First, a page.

In the annals of bad doggerel verse one name – William Topaz McGonagall – stands head and shoulders above all others. McGonagall’s tortured meters and forced rhymes are so gob-smacking as to be legendary. His volumes of self-styled “poetic gems” are so exceptionally bad they have won the hearts of many loyal followers around the world and websites can be found that pay tribute to his appalling work. I provide here a few stanzas from a typical McGonagall poem, to give some idea of the standard any intending rival would have to match:
An excursion steamer sunk in the Tay, by William McGonagall
’Twas in the year of 1888, and on July the 14th day,
That an alarming accident occurred in the River Tay.
Which resulted in the sinking of the Tay Ferries’ Steamer “Dundee,”
Which was a most painful and sickening sight to see.
The Steamer was engaged by the Independent Order of Rechabites,
And all were resolved to see some rural sights;
And the place they selected was the village of Newburgh;
While each heart was happy and free from sorrow.
And the weather was sunny, and really very fine,
And 900 souls had agreed to while away the time;
And they left the Craig Pier at half-past two o’clock,
Never thinking they would meet with an accidental shock.
For any readers wanting to know how the story ends, this site will help.
Dreadful as the works of McGonagall truly are, I believe that the city of Newcastle, NSW, Australia, managed to produce a poet of near-equal calibre whose fame is yet to blossom to the extent his work deserves.
This Antipodean McGonagall was a Great War digger by the name of Arthur George Harman, a labourer from Cooks Hill who signed up to fight in June 1915 at the age of 33, but was sent home less than a year later, ostensibly because of deafness. Having arrived in Egypt, Harman first joined the 2nd Battalion in January 1916, then transferred to the 54th Battalion a month later.
Egyptian desert march ordeal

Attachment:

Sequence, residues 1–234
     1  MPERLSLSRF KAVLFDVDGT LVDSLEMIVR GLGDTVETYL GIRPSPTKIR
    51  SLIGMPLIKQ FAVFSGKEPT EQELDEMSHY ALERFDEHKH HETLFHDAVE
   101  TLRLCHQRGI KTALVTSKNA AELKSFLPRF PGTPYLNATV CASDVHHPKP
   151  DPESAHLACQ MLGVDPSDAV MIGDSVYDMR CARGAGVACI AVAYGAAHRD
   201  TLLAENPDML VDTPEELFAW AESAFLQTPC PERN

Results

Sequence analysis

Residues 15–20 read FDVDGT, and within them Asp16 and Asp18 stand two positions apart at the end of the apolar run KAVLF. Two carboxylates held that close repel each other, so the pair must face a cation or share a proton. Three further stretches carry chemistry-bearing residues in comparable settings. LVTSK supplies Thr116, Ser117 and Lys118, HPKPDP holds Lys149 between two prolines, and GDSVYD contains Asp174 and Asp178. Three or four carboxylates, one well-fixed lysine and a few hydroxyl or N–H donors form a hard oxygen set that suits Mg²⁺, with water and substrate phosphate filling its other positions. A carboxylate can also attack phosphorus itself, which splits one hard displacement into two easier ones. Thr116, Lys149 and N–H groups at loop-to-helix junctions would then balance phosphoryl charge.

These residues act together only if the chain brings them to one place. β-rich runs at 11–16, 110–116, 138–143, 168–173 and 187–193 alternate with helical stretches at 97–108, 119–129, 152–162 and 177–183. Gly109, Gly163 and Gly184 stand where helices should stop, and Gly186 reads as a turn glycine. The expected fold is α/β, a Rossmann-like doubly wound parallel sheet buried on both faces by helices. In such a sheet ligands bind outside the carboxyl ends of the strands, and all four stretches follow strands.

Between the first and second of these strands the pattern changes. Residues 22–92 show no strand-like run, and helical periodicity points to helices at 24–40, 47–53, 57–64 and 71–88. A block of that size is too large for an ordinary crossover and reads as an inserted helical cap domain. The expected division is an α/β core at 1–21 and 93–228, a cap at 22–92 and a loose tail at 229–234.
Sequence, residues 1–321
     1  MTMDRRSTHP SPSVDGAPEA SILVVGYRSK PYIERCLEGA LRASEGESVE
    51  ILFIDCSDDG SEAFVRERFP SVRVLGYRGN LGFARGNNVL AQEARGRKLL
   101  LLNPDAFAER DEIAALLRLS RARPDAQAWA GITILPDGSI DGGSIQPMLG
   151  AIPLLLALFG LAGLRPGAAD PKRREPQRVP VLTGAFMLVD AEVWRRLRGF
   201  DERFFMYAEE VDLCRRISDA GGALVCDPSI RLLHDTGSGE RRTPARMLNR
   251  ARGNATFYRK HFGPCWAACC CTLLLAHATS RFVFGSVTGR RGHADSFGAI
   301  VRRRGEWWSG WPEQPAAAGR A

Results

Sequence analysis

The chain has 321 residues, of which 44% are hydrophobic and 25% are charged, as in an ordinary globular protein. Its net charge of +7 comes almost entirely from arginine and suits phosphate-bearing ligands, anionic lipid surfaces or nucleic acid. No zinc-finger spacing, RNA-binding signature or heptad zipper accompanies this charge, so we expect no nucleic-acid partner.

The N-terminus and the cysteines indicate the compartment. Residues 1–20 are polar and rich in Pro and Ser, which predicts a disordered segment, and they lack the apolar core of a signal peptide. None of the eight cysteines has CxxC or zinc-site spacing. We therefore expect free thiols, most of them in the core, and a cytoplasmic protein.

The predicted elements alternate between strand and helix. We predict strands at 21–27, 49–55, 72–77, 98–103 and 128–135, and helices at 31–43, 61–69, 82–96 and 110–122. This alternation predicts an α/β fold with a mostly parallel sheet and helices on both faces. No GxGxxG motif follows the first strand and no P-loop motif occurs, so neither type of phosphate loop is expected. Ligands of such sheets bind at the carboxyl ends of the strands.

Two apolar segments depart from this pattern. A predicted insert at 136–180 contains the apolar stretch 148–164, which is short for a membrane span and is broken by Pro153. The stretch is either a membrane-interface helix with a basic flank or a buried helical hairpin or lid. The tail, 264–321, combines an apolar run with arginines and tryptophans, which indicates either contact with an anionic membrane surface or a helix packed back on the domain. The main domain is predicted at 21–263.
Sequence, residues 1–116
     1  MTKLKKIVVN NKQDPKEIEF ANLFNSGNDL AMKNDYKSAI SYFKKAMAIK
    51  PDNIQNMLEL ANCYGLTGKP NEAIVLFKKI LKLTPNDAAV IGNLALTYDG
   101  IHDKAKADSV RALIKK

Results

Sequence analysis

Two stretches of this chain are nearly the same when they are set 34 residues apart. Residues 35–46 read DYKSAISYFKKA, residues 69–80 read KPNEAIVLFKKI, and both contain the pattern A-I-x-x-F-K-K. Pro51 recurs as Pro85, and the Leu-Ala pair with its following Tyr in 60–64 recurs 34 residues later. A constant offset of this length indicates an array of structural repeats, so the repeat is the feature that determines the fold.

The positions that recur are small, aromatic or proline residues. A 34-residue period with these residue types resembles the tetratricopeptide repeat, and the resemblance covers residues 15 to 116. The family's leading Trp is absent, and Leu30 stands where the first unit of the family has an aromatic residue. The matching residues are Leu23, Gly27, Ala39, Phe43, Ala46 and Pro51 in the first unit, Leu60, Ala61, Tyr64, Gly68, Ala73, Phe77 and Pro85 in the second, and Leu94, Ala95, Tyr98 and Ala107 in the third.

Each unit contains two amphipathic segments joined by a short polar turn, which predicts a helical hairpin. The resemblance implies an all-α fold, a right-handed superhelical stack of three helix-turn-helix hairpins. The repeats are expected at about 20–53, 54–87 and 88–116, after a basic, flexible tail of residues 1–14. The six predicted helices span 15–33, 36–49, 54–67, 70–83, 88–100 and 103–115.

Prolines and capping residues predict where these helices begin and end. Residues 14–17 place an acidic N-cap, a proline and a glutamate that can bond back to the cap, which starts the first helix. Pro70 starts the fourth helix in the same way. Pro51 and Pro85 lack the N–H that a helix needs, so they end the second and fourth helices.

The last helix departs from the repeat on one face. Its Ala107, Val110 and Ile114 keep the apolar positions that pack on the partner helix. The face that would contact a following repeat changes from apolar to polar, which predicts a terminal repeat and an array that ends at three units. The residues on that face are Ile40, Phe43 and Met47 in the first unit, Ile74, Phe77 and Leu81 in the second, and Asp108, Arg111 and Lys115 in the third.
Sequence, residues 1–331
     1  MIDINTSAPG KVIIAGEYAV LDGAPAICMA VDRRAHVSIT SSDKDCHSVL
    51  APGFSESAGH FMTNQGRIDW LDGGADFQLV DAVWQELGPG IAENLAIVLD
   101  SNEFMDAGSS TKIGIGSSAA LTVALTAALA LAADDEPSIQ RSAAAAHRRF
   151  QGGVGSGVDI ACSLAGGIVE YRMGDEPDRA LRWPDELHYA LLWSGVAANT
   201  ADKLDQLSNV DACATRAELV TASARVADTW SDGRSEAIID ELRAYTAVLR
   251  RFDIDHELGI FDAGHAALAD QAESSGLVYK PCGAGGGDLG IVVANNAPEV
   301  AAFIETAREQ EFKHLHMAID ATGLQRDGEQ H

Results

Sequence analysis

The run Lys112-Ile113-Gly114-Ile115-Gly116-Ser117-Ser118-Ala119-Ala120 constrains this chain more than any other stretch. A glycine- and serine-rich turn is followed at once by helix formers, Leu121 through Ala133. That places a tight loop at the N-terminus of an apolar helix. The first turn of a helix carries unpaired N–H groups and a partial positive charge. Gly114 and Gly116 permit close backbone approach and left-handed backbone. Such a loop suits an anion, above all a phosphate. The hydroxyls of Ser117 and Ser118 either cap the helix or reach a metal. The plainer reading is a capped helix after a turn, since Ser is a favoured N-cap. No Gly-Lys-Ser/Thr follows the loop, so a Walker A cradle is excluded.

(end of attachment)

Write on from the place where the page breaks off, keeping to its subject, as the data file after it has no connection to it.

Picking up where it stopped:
Harman had the terrible misfortune in March 1916 to be sent with the rest of his brigade on an absurdly punishing and militarily unnecessary three-day desert route march, with full equipment, across an expanse of fiery desert between Tel-El-Kebir and Ferry Post, Egypt. It was a disastrous and arguably criminally negligent act on the part of the officers who ordered and oversaw the march, and only the intervention of some quick-thinking New Zealand troops who – hearing of the blunder from an aircraft pilot who saw the Australians staggering in the blazing sands on the second day of their march – prevented more deaths than those which occurred. A good account of the march can be found here.
It doesn’t seem likely that this ordeal made Harman deaf, but he makes it clear that he blames it for his being found unfit for service. I can’t help wondering whether his tendency to versifying might have encouraged the authorities to send him home out of fear of the effect he might have had on morale.
Back in Australia Harman appears to have quit labouring and taken up the pen. He wrote some verses about his time in uniform, had them printed in a little saddle-stitched booklet under the title A.G. Harman’s War Poems, and hawked them door-to-door in Newcastle and Sydney at a shilling apiece. It seems he must have sold them all, and his next work dropped the word “War” from the title and added several new bits of doggerel describing various disasters and calamities including the Murulla railway disaster, a shark attack at Newcastle Beach and a fatal speedway accident.
Perhaps he felt it politic to shift the focus from war poems, given his limited exposure to armed conflict. He also implies in his verses that at least some of the proceeds of his publishing income would be directed to help those afflicted by the subject matter of his doggerel. I have three different editions of this booklet – all printed in Newcastle.
From the dates of the disasters Harman writes about in his verses, it seems clear he kept on with his publishing career well into the 1930s. His piece on the Bellbird coalmine disaster of September 1923 gives a good feel for his work:
The Bellbird Disaster, by A.G. Harman
It seems at times that some householders resisted Harman’s efforts to sell them copies of his booklets:
By the 1930s, Harman was even writing advertisements in his booklets for hotels and for products like cough syrup Koffalin.
Responsive to current events, Harman wrote about cricketers – including Bradman, about rail and ferry accidents and even about shootings and robberies. On at least one occasion he had a special page printed and inserted into his books. This was The Great Ferry Smash of 1927. It apppears that by this time Harman may have outgrown his Novocastrian roots and perhaps found a bigger market and fresh fields to conquer in Sydney.
As a service to humanity and to the arts in general and poetry in particular, I have made available on this website PDF versions of those of Harman’s works that I am lucky enough to own. McGonagall must look to his laurels.